And Jesus says, “Do not store up for yourselves treasures on earth, where moths and rust eat away at that dream car of yours, and where thieves break into your home and steal your prized possessions.” Now we need to be clear what Jesus said and what he did not say. Jesus did not say, “Do not store up treasures on earth.”(Period). Some have heard Jesus saying that it is un-Christian to have a bank account, or to own a home or a car, or to put away RRSPs for retirement. But what Jesus clearly does say is, “Stop storing up treasures on earth for yourselves.” That’s why Jesus puts it so very bluntly: “No one can serve two masters. You cannot serve both God and money.” When we store up for ourselves we find ourselves enslaved to what we’re hoarding, and which one of us has not felt the need to defend our storing up treasures for ourselves on earth?

Who of us would not need to confess that we have tried to serve two masters? Who of us hasn’t tried to insure ourselves against the worries of tomorrow by storing away treasures for ourselves? (experience of Kenya mission). I wonder when we’ll finally figure it out that it really isn’t our circumstances that cause us anxiety – it is not the rise in global terrorism, not bad harvests or global warming or inflation or rising interest rates or my bank account balance.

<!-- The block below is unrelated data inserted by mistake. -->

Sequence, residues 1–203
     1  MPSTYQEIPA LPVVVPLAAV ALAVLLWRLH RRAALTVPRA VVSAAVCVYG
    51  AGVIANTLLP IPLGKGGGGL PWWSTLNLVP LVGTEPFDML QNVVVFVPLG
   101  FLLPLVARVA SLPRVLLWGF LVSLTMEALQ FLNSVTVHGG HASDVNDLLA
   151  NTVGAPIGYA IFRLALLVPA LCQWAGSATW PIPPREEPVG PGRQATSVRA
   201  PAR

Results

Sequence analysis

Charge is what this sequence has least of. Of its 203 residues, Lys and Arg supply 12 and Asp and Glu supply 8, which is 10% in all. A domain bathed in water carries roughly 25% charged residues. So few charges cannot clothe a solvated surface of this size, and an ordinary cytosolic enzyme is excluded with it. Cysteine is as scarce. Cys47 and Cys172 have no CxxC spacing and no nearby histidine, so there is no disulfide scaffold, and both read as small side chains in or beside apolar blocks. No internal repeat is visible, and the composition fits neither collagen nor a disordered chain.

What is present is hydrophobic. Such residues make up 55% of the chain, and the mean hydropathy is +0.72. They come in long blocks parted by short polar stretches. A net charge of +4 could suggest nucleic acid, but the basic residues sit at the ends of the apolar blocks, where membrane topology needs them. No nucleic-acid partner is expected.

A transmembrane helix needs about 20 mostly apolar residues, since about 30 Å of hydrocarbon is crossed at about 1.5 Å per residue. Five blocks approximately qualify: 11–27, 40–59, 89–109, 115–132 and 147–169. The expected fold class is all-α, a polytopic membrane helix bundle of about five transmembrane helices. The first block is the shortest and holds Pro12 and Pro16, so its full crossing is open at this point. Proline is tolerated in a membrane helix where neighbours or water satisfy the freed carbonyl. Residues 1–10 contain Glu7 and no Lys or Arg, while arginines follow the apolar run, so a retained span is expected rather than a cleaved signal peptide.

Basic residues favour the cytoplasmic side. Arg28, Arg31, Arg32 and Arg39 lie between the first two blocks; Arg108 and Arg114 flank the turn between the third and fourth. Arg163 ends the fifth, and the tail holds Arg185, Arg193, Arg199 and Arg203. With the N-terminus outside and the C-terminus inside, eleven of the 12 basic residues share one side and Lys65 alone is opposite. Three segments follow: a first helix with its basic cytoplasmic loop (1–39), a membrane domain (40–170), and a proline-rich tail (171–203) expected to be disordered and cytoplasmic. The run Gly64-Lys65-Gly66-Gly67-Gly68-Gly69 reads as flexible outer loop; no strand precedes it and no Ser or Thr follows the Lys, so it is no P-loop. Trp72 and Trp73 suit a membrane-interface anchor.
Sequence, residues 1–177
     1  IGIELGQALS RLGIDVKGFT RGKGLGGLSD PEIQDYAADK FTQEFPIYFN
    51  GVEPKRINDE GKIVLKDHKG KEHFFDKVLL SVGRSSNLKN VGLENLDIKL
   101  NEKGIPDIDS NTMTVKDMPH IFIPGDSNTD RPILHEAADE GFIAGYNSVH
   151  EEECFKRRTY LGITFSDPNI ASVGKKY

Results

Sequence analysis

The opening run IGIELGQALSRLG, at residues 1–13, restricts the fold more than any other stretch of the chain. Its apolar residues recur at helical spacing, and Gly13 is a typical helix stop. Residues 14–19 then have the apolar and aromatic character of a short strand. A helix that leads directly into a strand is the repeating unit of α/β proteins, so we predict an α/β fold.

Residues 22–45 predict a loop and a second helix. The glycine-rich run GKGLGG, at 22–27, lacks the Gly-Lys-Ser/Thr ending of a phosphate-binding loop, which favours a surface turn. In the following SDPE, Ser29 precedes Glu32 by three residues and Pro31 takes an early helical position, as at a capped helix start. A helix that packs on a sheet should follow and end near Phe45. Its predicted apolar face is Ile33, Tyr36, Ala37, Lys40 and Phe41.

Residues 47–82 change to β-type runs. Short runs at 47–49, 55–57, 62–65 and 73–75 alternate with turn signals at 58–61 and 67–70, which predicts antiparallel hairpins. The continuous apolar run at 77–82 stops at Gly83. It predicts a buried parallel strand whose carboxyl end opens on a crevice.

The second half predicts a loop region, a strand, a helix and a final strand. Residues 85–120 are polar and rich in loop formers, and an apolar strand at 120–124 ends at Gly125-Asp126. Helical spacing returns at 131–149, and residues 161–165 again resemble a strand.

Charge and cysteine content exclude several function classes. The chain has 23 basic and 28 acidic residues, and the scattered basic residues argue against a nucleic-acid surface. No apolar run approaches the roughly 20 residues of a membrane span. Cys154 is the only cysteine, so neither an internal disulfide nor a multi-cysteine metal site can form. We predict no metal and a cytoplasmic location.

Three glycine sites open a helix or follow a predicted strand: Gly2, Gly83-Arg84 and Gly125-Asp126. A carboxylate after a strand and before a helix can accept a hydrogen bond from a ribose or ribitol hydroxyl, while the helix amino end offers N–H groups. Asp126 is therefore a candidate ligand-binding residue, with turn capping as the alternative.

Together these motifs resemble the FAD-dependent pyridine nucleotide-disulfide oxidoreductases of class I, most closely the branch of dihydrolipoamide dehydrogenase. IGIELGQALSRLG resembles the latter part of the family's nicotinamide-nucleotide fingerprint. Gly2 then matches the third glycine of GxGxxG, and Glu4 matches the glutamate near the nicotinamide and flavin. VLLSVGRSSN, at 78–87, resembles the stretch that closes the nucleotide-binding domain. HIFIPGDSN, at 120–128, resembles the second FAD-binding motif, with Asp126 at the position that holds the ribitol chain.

No, what really causes me anxiety is the moth and the rust in my own heart. We live in a world addicted to worry, a world that finds its energy in anxiety. Living totally without worrying sounds to us almost as impossible as living totally without breathing. When we have so much stuff to worry about, this call to release our anxious grip falls hard on our materialistic ears. This is why the command of Jesus, “Do not worry,” is such a Good News promise of freedom and joy. Jesus does not say, “Look at the ostrich with its head buried in the sand,” but rather, “Look at the birds of the air!” Jesus is inviting us to share in his happiness, his delight in each new day. To celebrate the goodness of God, here and now.

Even in work with joy, because as human beings we have to continue to sow and to reap harvests, and even store away where appropriate, yet with joyful abandon and carefree delight, living in the moment, just as Jesus did. Yes, the bills will have to be paid, and we may still wonder if we’ll be able to balance the books to the end of the month. But know this: the God who sees each sparrow fall has promised, “I will never ever leave you nor forsake you.” Are we willing to believe that God meant what he said? Are we willing to trust God? Will we follow the example of the sparrows, of Jesus himself, and focus on the task at hand, now, in the present? Will we let all tomorrow’s worries remain in the tomorrow ? “If that isn’t a recipe for happiness, I don’t know what is!”

Deacon James Kubina’s reflection at St. Joe’s: God alongside us

 

St. Joe's